Wednesday, April 4, 2018

Editor Says Elizabeth City Needs to Clean Up Milk, Countryside, Stores, 1927

From the editorial page of The Independent, Elizabeth City, N.C., Friday, April 1, 1927, W.O. Saunders, editor and publisher.
The Chief Belliaker
The chief belliaker in Elizabeth City is the merchant. Mr. Joe McCabe said recently that we will have do darn many small stores in Elizabeth City presently that no merchant can expect to do business except with his kin folk and dead beats who home he will extend credit. Mr. McCabe said a mouthful.
There are too many small stores in Elizabeth City and credit is too easy. Too many stores make for too keen a competition among tradesmen and in their eagerness to sell goods they are lax in their credit methods. Any bum can come to town, put on a good front, spread his little line of bull on Main Street, and establish charge accounts at almost every store in town within a week or two. Our chief belliakers should take a lesson from the mail order houses—they sell for cash.
Dirty Milk
That was an awful exposure of the dairy business in Elizabeth City published by this newspaper last week. I’ll agree instantly with everyone who says that such publicity is not good advertising for the town. But in the end it will be good for the town, good for the dairymen themselves, and good for everyone concerned.
Milk is one of the dirtiest of all human foods. It is never free from bacteria and is in fact a fertile breeding ground for all manner of microscopic life. It should never be produced and sold for human consumption except from healthy animals and under the cleanest and most sanitary methods of production and distribution. That not one of the 20 dairies serving Elizabeth City is producing milk that will grade higher than Grade D is a terrible fact that everybody should know about. If the people do not know that such a condition prevails they will never bother themselves to correct it. Only an enlightened public opinion can bring sufficient pressure upon the dairymen generally to make them incur the trouble and expense of producing reasonably clean milk.
Tell your dairyman that you are going to demand Grade A milk. And don’t let him talk you into believing that an inferior grade is just as good. Better milk will cost you more money. In their zeal to produce milk cheaply and satisfy a false economy, our dairymen haven’t acquired the equipment and facilities for producing the best grades of milk. In cleaning up and modernizing their dairies they will have to raise the price of their produce and he who complains against a reasonable advance in the price of milk for the sake of better milk is an enemy of the public good and indifferent to his own physical well being.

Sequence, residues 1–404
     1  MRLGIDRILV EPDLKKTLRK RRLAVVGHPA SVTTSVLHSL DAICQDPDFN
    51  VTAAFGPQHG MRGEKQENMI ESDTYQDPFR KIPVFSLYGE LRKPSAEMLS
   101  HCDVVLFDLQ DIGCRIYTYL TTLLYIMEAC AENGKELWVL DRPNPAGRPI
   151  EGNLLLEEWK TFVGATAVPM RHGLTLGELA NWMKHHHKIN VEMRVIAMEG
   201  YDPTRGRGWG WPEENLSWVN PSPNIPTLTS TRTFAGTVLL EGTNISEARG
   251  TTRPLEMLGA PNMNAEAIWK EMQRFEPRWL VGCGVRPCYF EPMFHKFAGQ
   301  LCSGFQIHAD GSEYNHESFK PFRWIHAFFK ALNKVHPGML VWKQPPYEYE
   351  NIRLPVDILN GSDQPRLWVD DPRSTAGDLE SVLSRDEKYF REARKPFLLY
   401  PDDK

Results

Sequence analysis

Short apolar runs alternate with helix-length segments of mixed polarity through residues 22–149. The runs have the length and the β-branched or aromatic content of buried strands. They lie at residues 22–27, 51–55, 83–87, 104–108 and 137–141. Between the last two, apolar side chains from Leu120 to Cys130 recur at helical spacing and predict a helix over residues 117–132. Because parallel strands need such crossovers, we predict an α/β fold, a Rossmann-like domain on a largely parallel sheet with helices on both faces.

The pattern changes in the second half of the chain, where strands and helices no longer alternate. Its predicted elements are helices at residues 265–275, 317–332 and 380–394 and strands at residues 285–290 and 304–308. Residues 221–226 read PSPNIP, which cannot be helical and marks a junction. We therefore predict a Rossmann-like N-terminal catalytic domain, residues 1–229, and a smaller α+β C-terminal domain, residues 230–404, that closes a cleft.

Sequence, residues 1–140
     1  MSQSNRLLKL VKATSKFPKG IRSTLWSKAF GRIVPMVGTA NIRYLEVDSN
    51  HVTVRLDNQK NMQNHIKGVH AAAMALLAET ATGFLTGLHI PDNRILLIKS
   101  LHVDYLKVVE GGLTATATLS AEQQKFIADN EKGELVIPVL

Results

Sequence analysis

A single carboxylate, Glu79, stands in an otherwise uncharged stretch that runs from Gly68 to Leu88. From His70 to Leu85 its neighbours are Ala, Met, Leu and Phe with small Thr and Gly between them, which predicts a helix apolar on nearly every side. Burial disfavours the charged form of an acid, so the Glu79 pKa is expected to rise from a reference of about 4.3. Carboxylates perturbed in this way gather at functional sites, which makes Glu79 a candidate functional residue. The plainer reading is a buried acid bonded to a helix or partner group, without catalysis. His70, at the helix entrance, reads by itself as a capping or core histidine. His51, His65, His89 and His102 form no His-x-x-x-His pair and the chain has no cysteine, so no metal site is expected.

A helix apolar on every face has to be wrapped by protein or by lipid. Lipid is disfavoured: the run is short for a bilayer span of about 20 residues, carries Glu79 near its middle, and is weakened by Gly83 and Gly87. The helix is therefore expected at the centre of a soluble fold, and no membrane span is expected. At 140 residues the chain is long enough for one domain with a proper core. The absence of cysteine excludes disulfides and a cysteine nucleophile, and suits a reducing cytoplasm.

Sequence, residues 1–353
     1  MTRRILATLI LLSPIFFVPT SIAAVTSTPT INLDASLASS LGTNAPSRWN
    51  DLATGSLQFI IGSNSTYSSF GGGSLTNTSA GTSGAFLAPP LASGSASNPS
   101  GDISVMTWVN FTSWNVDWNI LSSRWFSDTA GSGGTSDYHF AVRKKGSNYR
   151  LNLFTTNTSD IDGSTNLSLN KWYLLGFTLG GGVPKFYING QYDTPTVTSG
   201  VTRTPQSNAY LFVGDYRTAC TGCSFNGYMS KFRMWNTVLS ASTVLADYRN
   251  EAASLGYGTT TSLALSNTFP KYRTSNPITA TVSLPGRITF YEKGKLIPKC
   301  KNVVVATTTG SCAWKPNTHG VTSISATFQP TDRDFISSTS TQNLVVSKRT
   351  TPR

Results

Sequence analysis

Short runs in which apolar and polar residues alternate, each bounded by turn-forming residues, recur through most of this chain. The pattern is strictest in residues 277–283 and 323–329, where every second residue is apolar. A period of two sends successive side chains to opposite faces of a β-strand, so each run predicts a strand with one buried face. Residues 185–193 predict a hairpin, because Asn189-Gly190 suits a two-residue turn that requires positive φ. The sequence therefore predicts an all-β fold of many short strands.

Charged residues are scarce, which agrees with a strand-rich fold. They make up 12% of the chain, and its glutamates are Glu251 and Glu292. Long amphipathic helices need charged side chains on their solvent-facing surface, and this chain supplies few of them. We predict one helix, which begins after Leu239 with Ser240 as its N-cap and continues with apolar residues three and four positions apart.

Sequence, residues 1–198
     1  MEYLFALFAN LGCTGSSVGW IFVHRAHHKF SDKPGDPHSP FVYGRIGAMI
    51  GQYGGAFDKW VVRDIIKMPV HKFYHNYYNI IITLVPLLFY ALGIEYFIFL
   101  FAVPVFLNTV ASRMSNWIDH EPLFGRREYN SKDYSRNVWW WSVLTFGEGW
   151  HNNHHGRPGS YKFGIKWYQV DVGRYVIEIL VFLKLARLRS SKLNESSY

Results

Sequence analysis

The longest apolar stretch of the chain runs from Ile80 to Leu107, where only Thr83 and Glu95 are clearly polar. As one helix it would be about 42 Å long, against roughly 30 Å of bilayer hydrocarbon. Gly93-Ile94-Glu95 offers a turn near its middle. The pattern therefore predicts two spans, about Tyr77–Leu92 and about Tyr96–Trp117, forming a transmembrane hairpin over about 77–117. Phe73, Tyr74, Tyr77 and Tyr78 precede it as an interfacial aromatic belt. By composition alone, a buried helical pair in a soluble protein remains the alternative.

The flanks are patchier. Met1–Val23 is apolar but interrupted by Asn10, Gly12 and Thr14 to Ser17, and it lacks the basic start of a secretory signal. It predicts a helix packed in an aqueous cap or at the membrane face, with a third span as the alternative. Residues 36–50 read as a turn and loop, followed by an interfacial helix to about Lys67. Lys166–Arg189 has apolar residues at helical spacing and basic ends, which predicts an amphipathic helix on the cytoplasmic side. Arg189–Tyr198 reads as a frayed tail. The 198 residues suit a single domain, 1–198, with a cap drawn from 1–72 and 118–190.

Our Rubbish
As if the sunken road through the marshes east of Elizabeth City were not misery enough, automobile dealers are now using the sides of this road as a dumping ground for old automobile bodies and other junk. It is characteristic of our native lack of aestheticism.
Let us be brutally frank, folks: We are collectively a careless, slovenly, dirty lot. Visitors to our town are instantly impressed by the cleanliness of our streets and tidiness of individual front yards. And then they are distressed by the untidy appearance of our water front and the accumulations of junk and rubbish that we permit on any vacant piece of property.
We are making a bid for tourists; hundreds of Virginia motorists come in and look us over every Sunday. And we present them as large and varied a collection of junk heaps and rubbish in and around our town as will be found in any small town in America, barring coal mining and railroad shop towns.
How different one will find it in the small towns of New England where people have acquired a community pride that makes for community tidiness!
Only recently one of the town’s foremost women was deploring the fact that Elizabeth City is lacking in appreciation of good music. How can we expect an appreciation of harmony in sound from a people who haven’t yet acquired an appreciation of visible harmony?

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